"I wouldn't go as far as to say [brands are making] innocent mistakes, but also wouldn't go as far as Chance the Rapper and say they are being deliberately racist.
"You need people at management and senior manager level that are diverse - and that's both ethnicity, as well as the LGBT community, as well as women who will say 'Actually this might offend a particular demographic and maybe you should think about this again'."
The best way to cover blind spots is to make sure that your own company is as diverse as your audience, and to involve your company in the creation of your products and communications or at the very least, customer test your communications on your company before they cause hurt in the public domain.
10. Customer test
Companies who want to appeal to an audience that believes in gender equality must do so authentically. The first step is to deeply understand the aspirations and goals of the audience it is wishing to connect with. The best way of doing this is by asking them directly.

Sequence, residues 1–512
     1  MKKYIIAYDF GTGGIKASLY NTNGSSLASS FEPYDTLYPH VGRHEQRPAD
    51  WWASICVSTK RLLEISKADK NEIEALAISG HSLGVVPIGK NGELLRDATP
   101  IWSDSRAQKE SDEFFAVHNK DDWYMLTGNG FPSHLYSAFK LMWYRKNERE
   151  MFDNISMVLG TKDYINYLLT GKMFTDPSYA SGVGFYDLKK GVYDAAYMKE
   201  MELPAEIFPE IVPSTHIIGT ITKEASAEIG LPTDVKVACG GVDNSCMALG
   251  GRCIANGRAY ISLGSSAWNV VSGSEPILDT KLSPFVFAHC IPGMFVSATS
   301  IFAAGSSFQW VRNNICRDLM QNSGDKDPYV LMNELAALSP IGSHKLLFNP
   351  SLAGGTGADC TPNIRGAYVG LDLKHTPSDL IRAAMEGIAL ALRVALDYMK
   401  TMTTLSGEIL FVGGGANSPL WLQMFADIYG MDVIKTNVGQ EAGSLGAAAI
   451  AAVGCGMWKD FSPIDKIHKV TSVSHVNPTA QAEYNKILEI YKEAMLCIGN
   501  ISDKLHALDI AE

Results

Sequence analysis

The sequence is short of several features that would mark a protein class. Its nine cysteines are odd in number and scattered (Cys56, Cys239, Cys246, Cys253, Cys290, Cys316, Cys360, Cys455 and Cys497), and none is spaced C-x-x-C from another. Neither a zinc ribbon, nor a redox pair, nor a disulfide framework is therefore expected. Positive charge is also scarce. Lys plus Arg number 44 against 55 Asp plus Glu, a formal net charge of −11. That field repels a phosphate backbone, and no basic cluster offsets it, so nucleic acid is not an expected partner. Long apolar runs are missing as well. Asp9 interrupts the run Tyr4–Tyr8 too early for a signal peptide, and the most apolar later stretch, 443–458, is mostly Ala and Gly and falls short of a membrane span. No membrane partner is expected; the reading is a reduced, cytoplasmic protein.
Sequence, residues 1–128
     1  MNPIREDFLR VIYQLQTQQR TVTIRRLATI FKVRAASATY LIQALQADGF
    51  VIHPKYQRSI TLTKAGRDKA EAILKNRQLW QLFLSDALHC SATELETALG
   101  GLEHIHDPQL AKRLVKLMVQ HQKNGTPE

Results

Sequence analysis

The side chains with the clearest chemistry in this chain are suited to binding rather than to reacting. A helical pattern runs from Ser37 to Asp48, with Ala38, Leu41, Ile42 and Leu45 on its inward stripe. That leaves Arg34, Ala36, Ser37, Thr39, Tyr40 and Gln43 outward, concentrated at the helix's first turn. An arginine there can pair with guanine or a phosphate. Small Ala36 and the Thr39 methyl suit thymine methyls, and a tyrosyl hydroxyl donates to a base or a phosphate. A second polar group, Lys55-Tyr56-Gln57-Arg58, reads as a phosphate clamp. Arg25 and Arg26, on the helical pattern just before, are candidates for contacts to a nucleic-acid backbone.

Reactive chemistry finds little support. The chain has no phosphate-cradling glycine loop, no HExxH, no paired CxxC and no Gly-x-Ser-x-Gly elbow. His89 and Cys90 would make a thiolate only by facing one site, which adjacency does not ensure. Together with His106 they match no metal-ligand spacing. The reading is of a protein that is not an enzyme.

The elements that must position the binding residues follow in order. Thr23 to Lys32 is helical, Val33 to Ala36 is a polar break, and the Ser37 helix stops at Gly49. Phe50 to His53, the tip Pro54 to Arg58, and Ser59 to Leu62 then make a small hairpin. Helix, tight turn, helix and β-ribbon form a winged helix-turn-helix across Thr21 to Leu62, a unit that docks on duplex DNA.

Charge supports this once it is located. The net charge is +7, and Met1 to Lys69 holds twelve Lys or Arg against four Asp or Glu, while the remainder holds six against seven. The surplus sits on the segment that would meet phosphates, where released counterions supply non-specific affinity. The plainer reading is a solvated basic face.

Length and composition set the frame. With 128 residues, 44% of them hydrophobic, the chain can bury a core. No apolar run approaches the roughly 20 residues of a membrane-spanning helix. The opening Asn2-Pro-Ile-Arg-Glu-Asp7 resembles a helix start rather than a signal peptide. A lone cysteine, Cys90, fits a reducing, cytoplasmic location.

Younger brands like Glossier, Heist and Bumble and older brands like Nike and Gillette have all cottoned onto the fact that to build a product that customers will truly love, they need to be powered by their customers. Each of these brands has tapped into a specific problem their customers are facing and deeply understands the reasons the problem exists. They then set about trying to solve them. Each of these brands also openly shares their customers’ values - one without the other would be inauthentic.
One of the first companies to hand the reins over to its customers was Mumsnet, which is entirely powered by customer engagement.